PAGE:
An audit of patients with abruptio placentae in the Pretoria Academic Complex
Background. Obstetric hemorrhage is the third most common cause of maternal death in South Africa. Abruptio placentae (AP) contributed to 12.9% of deaths caused by haemorrhage between 2017 and 2018.
Objective. To investigate the risk factors, management and outcomes of pregnancies affected by AP.
Methods. We conducted a prospective descriptive study in a one-year period at the Pretoria Academic Complex (PAC). All patients who presented with AP were recruited for the study. The demographics, risk factors, management, complications and outcomes were reported using descriptive statistics.
Results. One hundred women with AP presented during the study period, representing an incidence of 1% of pregnancies at PAC. Sixtyone percent of the women had caesarean delivery while 37% had vaginal delivery. A minority of women presented with known risk factors of AP in this setting. Two comparison groups were defined based on the degree of placental separation from the decidua, i.e. >50% and <50%. A woody hard abdomen occurred more frequently in patients with >50% AP (43% v. 57%; p=0.002). More women had postpartum haemorrhage in the >50% group (67% v. 33%; p=0.001). Fifty-eight (58%) live babies and 44 (44%) stillborn babies were delivered.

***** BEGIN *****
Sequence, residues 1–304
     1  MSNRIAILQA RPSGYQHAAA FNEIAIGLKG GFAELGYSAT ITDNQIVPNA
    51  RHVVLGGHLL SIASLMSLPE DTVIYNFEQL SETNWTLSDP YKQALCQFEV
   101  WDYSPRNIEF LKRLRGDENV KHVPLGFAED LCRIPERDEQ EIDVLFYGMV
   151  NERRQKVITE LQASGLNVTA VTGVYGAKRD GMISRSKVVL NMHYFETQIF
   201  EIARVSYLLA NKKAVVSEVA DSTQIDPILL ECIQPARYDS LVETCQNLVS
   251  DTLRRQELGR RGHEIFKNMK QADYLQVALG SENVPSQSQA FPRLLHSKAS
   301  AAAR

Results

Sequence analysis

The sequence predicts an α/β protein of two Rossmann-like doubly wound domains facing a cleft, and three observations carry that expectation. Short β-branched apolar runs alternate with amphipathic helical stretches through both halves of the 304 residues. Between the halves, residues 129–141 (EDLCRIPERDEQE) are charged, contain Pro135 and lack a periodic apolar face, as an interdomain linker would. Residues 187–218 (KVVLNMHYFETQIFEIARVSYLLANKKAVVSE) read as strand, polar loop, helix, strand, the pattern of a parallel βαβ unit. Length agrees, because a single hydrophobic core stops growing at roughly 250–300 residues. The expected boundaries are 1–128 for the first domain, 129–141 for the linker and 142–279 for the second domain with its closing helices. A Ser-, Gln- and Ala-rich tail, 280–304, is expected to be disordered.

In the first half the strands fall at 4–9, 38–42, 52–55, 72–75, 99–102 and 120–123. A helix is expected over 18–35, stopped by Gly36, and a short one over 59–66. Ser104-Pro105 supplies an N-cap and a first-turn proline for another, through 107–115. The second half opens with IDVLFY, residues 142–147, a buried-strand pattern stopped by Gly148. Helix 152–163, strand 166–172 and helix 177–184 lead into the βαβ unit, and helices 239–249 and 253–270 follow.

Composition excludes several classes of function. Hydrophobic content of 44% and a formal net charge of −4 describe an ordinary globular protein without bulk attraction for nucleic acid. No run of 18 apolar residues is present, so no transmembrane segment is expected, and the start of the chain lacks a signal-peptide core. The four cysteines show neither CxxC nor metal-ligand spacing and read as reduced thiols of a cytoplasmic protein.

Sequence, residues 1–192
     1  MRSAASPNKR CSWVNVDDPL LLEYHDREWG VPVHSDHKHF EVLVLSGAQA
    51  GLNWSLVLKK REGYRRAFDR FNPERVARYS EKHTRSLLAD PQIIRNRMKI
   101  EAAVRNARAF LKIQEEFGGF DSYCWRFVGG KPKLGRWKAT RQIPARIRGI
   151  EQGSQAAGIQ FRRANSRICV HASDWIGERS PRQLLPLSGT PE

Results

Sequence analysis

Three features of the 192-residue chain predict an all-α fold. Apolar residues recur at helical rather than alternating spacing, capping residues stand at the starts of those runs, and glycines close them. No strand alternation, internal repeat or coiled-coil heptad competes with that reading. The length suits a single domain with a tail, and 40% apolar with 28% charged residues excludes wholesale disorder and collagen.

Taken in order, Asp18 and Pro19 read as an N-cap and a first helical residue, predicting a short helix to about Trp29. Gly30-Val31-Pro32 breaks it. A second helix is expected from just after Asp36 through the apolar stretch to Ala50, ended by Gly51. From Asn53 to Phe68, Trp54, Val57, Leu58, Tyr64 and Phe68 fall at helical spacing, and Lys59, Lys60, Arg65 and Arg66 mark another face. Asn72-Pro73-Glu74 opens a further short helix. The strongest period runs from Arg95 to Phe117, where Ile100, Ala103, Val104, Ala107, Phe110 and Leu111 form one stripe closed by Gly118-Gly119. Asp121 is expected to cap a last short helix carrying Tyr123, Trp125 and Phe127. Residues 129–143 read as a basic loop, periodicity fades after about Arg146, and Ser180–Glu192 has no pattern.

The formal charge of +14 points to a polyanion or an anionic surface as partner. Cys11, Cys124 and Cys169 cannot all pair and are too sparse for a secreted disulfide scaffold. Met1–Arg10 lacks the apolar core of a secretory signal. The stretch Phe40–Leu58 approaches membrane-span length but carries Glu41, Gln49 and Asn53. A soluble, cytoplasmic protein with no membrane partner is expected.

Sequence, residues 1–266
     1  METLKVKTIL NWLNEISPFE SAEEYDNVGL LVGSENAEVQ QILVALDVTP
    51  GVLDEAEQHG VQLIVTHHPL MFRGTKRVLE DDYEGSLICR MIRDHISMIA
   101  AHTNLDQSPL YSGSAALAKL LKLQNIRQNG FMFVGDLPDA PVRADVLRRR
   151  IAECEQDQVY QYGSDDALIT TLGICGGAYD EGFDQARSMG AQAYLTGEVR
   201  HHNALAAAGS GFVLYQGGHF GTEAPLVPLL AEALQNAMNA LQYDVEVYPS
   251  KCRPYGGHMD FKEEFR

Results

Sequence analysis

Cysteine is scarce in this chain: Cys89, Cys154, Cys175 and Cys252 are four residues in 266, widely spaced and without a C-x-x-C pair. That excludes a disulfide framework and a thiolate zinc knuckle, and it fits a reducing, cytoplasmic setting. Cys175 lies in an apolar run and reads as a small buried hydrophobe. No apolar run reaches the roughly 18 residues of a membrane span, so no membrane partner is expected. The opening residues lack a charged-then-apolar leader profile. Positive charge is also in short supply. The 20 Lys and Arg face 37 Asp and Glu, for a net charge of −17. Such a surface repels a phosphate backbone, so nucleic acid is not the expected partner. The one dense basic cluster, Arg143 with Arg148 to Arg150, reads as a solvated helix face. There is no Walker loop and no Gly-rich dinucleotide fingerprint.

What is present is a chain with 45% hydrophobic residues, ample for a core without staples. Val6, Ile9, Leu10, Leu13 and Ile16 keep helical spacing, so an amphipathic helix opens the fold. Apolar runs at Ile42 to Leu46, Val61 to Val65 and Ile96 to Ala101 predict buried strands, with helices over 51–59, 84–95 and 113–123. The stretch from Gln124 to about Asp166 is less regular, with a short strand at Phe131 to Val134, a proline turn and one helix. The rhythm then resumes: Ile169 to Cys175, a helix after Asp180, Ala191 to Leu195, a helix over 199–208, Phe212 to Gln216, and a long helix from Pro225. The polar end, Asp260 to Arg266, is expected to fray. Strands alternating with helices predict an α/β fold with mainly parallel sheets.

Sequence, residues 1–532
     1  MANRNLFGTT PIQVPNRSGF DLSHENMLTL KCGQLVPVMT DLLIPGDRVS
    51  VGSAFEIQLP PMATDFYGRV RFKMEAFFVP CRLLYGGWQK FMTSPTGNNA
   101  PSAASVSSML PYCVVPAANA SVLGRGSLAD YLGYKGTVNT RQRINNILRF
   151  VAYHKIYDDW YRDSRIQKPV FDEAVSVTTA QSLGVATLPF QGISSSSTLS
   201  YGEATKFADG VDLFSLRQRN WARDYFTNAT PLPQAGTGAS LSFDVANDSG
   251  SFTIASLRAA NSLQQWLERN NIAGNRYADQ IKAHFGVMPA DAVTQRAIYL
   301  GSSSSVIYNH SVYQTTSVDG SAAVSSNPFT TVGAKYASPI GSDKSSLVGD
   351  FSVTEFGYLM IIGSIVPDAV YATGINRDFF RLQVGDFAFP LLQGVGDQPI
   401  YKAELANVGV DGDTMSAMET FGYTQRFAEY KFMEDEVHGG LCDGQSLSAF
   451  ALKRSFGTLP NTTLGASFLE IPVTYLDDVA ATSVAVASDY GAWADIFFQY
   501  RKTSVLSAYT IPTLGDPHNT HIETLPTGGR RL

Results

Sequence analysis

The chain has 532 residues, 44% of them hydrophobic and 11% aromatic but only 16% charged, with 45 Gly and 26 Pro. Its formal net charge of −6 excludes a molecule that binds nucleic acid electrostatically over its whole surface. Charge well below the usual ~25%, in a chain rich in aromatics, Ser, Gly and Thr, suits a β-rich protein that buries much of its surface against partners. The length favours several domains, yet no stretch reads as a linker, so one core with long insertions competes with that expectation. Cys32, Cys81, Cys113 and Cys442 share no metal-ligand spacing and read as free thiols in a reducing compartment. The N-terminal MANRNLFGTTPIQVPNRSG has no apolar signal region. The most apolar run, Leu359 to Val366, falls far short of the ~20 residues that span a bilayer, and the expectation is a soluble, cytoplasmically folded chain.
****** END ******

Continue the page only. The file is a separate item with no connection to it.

Conclusion. The known risk factors of AP were largely absent in women with AP in this setting. The typical clinical findings of AP were late signs associated with severe placental separation. Early resuscitation and delivery of the fetus can positively influence perinatal and maternal morbidity and mortality
B Magagula, Department of Obstetrics and Gynaecology, Faculty of Health Sciences, University of Pretoria, South Africa
T Nkwenika, Biostatistic Research Unit, South African Medical Research Unit, Pretoria, South Africa
S Adam, Department of Obstetrics and Gynaecology, Faculty of Health Sciences, University of Pretoria, South Africa
Full TextPDF (132KB)
Cite this article
Date published: 2020-04-24
Full text views: 107